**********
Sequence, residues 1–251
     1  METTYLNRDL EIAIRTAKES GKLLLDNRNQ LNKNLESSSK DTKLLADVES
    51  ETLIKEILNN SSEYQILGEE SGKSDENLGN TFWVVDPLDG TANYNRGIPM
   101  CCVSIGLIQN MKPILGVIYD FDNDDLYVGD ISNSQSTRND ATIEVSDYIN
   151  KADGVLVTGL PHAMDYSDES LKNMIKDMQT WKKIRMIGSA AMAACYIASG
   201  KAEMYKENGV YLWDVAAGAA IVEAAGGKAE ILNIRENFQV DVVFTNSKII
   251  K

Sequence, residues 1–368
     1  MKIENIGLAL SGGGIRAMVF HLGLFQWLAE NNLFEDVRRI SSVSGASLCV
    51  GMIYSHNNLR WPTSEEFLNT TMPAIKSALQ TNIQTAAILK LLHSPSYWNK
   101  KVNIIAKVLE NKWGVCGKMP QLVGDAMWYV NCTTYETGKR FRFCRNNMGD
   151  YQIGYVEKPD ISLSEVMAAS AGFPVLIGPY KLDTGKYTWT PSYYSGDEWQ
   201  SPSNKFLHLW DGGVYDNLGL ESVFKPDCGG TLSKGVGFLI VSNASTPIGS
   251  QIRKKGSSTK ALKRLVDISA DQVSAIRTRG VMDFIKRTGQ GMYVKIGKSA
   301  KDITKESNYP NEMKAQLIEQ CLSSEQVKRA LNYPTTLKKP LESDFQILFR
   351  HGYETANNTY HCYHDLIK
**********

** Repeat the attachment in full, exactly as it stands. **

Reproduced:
Sequence, residues 1–251
     1  METTYLNRDL EIAIRTAKES GKLLLDNRNQ LNKNLESSSK DTKLLADVES
    51  ETLIKEILNN SSEYQILGEE SGKSDENLGN TFWVVDPLDG TANYNRGIPM
   101  CCVSIGLIQN MKPILGVIYD FDNDDLYVGD ISNSQSTRND ATIEVSDYIN
   151  KADGVLVTGL PHAMDYSDES LKNMIKDMQT WKKIRMIGSA AMAACYIASG
   201  KAEMYKENGV YLWDVAAGAA IVEAAGGKAE ILNIRENFQV DVVFTNSKII
   251  K

Sequence, residues 1–368
     1  MKIENIGLAL SGGGIRAMVF HLGLFQWLAE NNLFEDVRRI SSVSGASLCV
    51  GMIYSHNNLR WPTSEEFLNT TMPAIKSALQ TNIQTAAILK LLHSPSYWNK
   101  KVNIIAKVLE NKWGVCGKMP QLVGDAMWYV NCTTYETGKR FRFCRNNMGD
   151  YQIGYVEKPD ISLSEVMAAS AGFPVLIGPY KLDTGKYTWT PSYYSGDEWQ
   201  SPSNKFLHLW DGGVYDNLGL ESVFKPDCGG TLSKGVGFLI VSNASTPIGS
   251  QIRKKGSSTK ALKRLVDISA DQVSAIRTRG VMDFIKRTGQ GMYVKIGKSA
   301  KDITKESNYP NEMKAQLIEQ CLSSEQVKRA LNYPTTLKKP LESDFQILFR
   351  HGYETANNTY HCYHDLIK